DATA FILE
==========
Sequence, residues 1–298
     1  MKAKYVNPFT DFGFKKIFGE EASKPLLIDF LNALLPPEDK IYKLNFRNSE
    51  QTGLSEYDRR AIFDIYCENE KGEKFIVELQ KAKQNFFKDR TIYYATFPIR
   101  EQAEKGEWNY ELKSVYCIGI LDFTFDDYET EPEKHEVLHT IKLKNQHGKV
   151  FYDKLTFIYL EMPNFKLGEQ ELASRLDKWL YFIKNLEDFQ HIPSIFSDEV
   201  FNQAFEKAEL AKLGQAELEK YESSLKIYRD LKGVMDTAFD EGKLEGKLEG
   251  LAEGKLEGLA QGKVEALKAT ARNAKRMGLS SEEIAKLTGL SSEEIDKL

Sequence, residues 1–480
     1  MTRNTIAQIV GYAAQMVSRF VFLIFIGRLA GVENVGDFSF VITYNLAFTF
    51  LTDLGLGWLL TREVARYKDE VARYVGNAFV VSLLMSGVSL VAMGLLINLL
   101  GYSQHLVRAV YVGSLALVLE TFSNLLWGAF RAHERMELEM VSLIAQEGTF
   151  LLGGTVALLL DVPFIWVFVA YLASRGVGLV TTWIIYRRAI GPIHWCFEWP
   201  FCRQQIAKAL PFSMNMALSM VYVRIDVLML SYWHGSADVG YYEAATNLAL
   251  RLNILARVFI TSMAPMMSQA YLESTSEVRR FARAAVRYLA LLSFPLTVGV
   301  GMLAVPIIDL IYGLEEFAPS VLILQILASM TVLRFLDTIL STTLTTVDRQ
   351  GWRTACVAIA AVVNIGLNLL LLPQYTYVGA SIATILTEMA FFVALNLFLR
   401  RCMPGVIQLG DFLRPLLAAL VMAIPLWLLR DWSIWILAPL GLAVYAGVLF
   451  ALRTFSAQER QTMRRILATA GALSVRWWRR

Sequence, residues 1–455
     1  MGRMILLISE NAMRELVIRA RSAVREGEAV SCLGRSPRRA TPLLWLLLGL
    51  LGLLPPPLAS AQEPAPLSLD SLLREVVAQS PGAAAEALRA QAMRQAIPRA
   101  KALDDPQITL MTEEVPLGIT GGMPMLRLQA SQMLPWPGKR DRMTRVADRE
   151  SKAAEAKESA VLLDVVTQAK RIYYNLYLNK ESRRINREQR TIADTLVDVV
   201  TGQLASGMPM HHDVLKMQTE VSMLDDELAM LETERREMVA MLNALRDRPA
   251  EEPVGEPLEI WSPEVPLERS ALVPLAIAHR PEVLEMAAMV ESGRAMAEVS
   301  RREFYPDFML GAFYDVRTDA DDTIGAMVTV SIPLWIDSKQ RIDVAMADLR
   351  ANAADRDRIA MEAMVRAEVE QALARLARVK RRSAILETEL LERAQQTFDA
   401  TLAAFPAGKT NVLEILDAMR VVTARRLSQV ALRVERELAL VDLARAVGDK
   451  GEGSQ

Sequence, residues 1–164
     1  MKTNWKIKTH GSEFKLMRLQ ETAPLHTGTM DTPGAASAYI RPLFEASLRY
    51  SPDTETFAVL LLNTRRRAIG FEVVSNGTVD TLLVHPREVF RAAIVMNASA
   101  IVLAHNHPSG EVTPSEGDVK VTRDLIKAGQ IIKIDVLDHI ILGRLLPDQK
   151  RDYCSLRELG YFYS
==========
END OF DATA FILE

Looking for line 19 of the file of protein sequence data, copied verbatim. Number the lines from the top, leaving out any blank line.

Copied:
Sequence, residues 1–455